Growth and Decay
ANOTHER slice of environmental consciousness cuts across all three positions--biocentric, ecologic, and economic. It eschews materialist commercial values. It also fears and warns against unstable, uncontrolled, irrational growth of ecosystems. This conjunction of environmental thinking perhaps can be termed antigrowth, but a wide range of perceptions of the problem (which go beyond the population question or economic growth) and many varieties of active participation in the movement preclude easy generalization about its name, precursors, successes, limitations, and values.
Antigrowth environmental philosophy is more of a reaction to developments in western culture than a positive philosophy. By the turn of the century in the United States nearly every voice was raised against the ugly faces of the mills and the grime of the cities, but no universal scapegoat could be agreed upon. Progressives, anarchists, socialists, reformers, churchmen, and other commentators prescribed short- and long-term remedies. Some blamed the capitalist economy; very few pointed the finger at economic growth in itself. Whatever solution anybody proposed, it nearly always included or assumed more material development, which was identified with progress. It took a century, a few persevering prophets, and the blending of other environmental ideas into its message for the antigrowth sensitivity to precipitate in environmentalism.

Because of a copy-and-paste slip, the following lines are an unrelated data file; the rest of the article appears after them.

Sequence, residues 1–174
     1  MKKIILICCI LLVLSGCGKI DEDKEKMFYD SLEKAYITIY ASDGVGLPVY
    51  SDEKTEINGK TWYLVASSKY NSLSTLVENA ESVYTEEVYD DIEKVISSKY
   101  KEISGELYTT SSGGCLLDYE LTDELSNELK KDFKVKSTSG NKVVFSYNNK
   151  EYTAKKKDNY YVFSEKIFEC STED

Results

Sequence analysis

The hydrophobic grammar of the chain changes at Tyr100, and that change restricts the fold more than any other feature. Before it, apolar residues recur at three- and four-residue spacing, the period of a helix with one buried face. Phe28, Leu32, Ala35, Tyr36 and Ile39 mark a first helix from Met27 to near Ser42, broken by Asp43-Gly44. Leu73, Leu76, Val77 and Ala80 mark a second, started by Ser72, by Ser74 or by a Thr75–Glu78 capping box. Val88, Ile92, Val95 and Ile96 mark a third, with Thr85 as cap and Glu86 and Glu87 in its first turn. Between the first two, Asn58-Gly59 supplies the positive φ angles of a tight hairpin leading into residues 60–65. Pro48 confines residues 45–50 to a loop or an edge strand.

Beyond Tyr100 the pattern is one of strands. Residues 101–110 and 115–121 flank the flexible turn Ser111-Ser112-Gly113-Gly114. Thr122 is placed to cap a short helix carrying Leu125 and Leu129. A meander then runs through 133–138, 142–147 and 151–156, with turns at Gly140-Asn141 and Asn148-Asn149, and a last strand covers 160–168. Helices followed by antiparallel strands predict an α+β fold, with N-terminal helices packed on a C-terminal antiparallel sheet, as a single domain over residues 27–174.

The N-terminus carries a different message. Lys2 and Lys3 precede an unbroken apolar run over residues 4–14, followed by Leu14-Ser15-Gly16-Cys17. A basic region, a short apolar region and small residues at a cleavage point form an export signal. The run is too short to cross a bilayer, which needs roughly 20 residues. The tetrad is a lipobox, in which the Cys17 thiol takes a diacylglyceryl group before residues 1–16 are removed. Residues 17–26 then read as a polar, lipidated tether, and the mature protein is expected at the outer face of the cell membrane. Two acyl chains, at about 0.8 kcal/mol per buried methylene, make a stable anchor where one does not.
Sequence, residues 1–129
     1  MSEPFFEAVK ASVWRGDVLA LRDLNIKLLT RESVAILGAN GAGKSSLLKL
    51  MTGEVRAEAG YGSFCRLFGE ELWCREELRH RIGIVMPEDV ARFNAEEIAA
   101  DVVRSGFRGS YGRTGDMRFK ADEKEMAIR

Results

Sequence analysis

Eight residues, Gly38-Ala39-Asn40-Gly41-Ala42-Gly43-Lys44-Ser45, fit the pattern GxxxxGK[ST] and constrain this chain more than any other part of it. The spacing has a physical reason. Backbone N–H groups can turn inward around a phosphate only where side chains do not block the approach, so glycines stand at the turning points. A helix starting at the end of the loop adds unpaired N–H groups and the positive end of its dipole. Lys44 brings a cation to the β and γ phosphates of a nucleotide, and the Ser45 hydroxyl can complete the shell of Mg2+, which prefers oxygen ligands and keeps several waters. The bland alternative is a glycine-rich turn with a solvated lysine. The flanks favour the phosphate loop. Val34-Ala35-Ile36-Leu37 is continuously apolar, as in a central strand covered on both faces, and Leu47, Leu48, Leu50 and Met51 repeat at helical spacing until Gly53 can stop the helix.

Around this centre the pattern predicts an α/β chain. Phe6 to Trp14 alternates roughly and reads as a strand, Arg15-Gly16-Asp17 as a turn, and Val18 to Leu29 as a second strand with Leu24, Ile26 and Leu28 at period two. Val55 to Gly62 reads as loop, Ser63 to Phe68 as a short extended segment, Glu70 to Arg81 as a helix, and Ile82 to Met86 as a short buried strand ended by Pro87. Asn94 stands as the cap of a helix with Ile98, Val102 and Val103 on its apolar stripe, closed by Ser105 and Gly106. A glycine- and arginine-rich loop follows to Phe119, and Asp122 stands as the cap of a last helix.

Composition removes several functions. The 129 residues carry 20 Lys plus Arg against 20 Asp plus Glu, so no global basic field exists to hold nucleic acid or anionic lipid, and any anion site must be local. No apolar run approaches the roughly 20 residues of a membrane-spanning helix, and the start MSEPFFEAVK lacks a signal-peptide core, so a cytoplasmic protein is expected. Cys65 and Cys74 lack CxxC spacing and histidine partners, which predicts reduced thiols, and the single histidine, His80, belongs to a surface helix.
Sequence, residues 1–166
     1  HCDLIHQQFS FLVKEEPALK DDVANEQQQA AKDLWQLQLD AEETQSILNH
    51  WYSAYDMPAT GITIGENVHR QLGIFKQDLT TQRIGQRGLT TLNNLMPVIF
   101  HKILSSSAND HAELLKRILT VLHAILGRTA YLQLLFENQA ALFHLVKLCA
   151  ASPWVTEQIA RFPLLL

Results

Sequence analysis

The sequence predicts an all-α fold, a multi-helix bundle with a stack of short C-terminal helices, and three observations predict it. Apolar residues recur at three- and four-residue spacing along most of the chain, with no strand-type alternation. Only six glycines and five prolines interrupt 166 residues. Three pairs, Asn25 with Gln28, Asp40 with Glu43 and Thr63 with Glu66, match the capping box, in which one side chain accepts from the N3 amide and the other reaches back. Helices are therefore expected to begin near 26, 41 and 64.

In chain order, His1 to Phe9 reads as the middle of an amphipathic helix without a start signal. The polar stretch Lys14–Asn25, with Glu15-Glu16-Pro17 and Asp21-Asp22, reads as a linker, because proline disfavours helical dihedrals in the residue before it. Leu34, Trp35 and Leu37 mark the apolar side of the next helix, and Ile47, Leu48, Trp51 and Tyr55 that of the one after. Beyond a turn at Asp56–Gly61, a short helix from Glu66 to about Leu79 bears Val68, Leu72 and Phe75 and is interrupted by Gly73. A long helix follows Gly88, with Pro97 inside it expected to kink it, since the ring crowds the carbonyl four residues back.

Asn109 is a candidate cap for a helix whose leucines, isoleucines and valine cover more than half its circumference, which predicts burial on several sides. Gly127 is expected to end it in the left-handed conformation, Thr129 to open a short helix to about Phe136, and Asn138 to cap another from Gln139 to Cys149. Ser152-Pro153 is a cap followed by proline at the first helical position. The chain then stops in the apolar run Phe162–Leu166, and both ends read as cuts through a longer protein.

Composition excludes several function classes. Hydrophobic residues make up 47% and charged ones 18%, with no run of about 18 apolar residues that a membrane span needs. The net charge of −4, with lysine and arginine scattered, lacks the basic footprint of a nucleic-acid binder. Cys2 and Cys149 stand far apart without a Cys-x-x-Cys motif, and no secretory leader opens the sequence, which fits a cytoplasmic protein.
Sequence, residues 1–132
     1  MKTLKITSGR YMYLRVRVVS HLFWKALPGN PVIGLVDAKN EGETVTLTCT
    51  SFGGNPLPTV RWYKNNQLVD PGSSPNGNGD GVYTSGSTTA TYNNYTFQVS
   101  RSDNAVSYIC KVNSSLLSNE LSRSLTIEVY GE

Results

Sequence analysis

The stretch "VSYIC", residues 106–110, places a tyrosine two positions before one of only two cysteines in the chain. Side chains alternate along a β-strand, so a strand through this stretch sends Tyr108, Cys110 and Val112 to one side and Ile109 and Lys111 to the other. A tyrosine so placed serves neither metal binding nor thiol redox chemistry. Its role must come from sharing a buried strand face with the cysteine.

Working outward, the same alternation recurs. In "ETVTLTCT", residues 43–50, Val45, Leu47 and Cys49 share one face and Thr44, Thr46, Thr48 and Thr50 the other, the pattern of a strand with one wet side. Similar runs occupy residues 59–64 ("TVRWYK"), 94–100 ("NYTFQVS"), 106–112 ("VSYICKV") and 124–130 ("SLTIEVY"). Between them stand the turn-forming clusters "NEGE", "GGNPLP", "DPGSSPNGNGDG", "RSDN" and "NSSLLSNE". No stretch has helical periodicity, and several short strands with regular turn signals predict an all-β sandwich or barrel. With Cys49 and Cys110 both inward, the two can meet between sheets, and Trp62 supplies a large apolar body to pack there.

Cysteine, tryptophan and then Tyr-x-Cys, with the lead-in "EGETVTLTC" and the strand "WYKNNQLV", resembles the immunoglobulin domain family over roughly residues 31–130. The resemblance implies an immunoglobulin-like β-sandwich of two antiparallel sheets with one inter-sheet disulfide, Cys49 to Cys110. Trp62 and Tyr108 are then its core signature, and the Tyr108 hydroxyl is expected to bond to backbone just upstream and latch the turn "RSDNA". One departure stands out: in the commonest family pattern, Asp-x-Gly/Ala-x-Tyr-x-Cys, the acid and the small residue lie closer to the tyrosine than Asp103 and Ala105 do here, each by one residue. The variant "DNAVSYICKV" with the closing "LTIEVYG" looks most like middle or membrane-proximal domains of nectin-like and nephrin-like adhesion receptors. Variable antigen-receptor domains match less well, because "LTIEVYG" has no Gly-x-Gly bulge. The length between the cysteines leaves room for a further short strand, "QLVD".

One of its first modern spokesmen was Lewis Mumford. His ideas have found their way directly or indirectly into a score of environmentalist writings. One of his most common themes is the tyranny